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Leaving a Legacy Patient-focused care permeated the career of Dr. David Roberts As Dave Roberts, MD, settles into his role as Chief Medical Ofﬁcer Emeritus at West Tennessee Healthcare, he does so with a sense of great appreciation for the opportunities he has been given to impact not only the lives of patients but those of the many caregivers and staff members who crossed his path. One thing that is evident, in his 40 plus year career, Roberts has left an indelible impression of service, compassion and teaching with those he has worked with.
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Clinicians Rethink Approach to Acne Putting the Evidence to Work for Patients New evidence and agents have clinicians rethinking traditional approaches to treating acne, the most common skin condition in the United States affecting an estimated 40 to 50 million Americans at any given time.
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Role of Oral Health Growing In Overall Healthcare Picture Alliances Between Physicians, Dentists Increase By BETH SIMKANIN
The role dental health plays in a patient’s overall health traditionally has been overlooked by many in the healthcare field, but this situation has begun to change with the success of collaborations between primary care physicians and dentists, according to noted authorities attending the recent National Oral Health Conference in Memphis. Integration of oral health into the healthcare system and a lack of access to proper dental care, especially among the uninsured, were the two issues that received the most attention during the organization’s 20th annual event that included five days of workshops and discussions. Some 860 dental students, health officials, researchers, educa-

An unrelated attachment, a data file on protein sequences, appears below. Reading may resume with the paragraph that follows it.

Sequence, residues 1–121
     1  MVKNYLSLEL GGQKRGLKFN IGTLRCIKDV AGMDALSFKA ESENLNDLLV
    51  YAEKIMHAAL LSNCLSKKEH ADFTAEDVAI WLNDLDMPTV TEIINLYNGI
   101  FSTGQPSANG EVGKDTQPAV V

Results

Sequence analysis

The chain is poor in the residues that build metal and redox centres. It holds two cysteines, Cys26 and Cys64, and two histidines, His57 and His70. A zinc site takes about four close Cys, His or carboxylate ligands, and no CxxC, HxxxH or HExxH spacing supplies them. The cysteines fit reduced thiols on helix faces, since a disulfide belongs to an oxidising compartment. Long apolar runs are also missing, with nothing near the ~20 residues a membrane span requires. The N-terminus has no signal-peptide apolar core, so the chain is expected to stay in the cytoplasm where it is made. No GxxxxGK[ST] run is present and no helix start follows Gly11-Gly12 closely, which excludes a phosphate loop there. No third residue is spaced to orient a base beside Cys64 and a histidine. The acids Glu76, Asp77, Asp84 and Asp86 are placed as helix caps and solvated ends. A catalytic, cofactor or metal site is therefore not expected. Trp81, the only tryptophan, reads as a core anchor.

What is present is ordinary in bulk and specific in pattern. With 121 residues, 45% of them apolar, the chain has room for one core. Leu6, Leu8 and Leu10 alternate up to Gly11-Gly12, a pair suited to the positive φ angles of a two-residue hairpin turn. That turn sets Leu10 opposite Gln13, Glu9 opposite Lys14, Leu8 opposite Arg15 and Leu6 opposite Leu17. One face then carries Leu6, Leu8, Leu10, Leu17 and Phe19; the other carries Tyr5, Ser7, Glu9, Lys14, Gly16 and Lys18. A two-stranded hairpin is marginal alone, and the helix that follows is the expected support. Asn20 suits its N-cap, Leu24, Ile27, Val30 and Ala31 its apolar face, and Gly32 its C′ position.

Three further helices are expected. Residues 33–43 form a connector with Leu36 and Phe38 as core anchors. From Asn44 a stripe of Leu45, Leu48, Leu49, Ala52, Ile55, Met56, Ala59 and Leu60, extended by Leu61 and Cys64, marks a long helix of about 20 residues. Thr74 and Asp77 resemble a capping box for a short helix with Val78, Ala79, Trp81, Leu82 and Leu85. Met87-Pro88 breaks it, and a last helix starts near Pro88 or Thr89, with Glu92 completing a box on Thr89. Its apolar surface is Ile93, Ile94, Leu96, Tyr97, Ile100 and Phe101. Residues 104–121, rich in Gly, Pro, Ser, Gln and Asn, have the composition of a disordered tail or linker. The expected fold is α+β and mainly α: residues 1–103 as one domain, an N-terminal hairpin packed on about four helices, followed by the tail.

tors, legislators and dental directors from across the globe gathered in Memphis to consider how to improve the oral health and general well-being of the public. “The biggest buzz now in dentistry is the integration of oral health into the healthcare system,” according to Jason Roush, DDS, state dental director for the West Virginia National Oral Health Program and president of the Association of State and Territorial Dental Directors, a non-profit, professional association for state dental directors, which helped organize the conference with the American Association of Public Health Dentistry. “It’s a relatively new concept” he said. “Instead of just treating (CONTINUED ON PAGE 4)